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Apache Kafka WebSocket data ingestion using Spring Cloud Stream

Bartosz Gajda
Passionate and growth-minded Big Data Developer and Machine Learning enthusiast.
Originally published at bartoszgajda.com ・6 min read

In this tutorial I want to show you how to connect to WebSocket data source and pass the events straight to Apache Kafka. For this, I will use the Spring Cloud Stream framework. Enjoy!

For this tutorial, I use:

  • IntelliJ IDEA
  • Meetup.com RSVP API

Creating Spring Cloud Stream project

First step is to create a Spring project with the necessary dependencies. I highly suggest using Spring Initializr to generate a clean Spring project. This comes with an integration in IntelliJ IDEA as well. I will be using Java 8 for this project. The pom.xml file should include the following:

<parent>
        <groupId>org.springframework.boot</groupId>
        <artifactId>spring-boot-starter-parent</artifactId>
        <version>2.2.1.RELEASE</version>
        <relativePath/> <!-- lookup parent from repository -->
    </parent>

    <properties>
        <java.version>1.8</java.version>
        <spring-cloud.version>Hoxton.RC1</spring-cloud.version>
    </properties>

    <dependencies>
        <dependency>
            <groupId>org.springframework.boot</groupId>
            <artifactId>spring-boot-starter-websocket</artifactId>
        </dependency>
        <dependency>
            <groupId>org.springframework.cloud</groupId>
            <artifactId>spring-cloud-stream</artifactId>
        </dependency>
        <dependency>
            <groupId>org.springframework.cloud</groupId>
            <artifactId>spring-cloud-stream-binder-kafka</artifactId>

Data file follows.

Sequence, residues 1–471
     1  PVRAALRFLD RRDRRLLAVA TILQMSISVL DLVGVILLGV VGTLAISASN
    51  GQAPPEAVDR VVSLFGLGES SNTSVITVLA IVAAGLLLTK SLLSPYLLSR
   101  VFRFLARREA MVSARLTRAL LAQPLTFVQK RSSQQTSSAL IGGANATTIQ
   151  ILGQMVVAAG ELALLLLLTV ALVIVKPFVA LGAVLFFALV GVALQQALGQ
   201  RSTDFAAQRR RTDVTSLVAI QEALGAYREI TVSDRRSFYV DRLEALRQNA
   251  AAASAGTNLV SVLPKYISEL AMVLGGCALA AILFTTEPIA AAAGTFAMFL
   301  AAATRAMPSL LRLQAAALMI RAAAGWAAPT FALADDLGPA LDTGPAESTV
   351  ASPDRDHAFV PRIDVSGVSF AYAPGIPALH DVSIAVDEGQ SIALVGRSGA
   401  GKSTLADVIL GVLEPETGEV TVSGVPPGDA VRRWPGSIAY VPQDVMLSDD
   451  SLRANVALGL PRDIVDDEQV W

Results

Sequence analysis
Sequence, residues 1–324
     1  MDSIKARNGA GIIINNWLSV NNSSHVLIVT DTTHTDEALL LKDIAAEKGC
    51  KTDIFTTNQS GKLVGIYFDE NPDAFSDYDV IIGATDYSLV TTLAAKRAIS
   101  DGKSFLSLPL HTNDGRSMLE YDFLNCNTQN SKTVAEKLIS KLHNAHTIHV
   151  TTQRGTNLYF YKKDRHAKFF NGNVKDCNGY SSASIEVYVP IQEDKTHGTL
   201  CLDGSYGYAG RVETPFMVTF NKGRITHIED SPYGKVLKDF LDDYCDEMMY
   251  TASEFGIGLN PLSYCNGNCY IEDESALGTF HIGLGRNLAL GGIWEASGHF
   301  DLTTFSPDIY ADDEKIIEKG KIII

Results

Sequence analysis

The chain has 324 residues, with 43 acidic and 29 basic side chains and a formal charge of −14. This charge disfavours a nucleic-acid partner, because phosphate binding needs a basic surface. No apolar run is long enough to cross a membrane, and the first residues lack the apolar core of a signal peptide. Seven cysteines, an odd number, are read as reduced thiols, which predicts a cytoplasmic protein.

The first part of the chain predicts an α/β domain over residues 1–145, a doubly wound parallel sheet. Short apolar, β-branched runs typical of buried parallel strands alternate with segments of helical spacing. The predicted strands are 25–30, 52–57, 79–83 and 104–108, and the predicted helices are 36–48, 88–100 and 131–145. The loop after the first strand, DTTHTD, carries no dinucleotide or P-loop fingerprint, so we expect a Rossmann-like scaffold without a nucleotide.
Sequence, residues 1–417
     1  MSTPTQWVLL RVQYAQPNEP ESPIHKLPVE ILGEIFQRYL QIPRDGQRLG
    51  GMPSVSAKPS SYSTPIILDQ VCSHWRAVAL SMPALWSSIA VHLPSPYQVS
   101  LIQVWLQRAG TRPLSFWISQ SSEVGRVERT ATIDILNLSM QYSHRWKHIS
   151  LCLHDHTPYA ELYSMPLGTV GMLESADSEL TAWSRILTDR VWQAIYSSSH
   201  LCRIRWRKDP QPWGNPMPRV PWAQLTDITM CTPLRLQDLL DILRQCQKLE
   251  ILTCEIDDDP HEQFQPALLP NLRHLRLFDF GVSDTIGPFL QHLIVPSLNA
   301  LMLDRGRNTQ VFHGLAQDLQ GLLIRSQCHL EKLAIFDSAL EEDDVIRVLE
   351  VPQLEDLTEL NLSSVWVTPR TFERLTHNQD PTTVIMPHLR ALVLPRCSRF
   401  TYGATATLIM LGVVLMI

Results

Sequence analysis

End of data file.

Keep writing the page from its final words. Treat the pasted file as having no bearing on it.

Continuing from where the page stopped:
</dependency>
        <dependency>
            <groupId>org.springframework.kafka</groupId>
            <artifactId>spring-kafka</artifactId>
        </dependency>

        <dependency>
            <groupId>org.springframework.boot</groupId>
            <artifactId>spring-boot-starter-test</artifactId>
            <scope>test</scope>
            <exclusions>
                <exclusion>
                    <groupId>org.junit.vintage</groupId>
                    <artifactId>junit-vintage-engine</artifactId>
                </exclusion>
            </exclusions>
        </dependency>
        <dependency>
            <groupId>org.springframework.cloud</groupId>
            <artifactId>spring-cloud-stream-test-support</artifactId>
            <scope>test</scope>
        </dependency>
        <dependency>
            <groupId>org.springframework.kafka</groupId>
            <artifactId>spring-kafka-test</artifactId>
            <scope>test</scope>
        </dependency>
    </dependencies>

    <dependencyManagement>
        <dependencies>
            <dependency>
                <groupId>org.springframework.cloud</groupId>
                <artifactId>spring-cloud-dependencies</artifactId>
                <version>${spring-cloud.version}</version>
                <type>pom</type>
                <scope>import</scope>